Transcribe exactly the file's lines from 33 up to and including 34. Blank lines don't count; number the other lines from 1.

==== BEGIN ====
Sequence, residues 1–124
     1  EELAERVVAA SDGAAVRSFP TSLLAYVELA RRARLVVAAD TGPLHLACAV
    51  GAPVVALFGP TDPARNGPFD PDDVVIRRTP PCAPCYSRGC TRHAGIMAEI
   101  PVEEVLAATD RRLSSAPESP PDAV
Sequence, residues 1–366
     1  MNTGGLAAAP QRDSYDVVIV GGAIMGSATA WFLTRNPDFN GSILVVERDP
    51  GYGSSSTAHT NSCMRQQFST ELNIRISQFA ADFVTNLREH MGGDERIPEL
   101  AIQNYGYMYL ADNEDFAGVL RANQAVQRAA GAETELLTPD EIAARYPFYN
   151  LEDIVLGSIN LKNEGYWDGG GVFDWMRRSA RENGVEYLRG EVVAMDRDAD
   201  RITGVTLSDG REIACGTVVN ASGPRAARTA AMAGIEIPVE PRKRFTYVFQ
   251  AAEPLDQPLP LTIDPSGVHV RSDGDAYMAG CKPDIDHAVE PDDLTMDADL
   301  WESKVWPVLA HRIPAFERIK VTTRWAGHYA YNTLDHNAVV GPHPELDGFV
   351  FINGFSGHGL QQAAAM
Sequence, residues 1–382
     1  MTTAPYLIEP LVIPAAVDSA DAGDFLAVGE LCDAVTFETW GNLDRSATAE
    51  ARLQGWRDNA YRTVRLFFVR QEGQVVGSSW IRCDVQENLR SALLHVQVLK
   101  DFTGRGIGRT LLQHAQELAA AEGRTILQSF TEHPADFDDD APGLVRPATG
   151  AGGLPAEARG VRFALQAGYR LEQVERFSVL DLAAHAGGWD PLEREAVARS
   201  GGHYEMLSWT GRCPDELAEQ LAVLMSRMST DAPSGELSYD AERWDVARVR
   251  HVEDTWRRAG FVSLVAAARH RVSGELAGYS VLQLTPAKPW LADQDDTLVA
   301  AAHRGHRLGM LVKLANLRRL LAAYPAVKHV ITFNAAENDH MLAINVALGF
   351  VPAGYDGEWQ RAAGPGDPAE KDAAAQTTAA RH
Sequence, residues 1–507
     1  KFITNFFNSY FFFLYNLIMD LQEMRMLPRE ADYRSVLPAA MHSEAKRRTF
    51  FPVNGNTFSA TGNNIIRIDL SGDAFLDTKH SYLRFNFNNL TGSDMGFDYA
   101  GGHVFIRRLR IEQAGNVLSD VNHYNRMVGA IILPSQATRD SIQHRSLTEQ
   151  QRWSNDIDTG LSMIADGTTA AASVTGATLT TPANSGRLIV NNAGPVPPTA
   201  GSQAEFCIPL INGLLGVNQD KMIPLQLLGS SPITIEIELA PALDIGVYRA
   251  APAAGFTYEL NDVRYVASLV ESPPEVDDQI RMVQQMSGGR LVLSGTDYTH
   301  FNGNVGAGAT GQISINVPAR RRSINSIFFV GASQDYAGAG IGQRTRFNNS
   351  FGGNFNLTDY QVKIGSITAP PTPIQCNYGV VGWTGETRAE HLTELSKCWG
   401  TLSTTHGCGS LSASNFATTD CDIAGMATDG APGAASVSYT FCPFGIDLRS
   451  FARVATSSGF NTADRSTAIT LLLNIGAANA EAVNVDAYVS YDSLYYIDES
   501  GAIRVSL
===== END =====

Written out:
   451  FARVATSSGF NTADRSTAIT LLLNIGAANA EAVNVDAYVS YDSLYYIDES
   501  GAIRVSL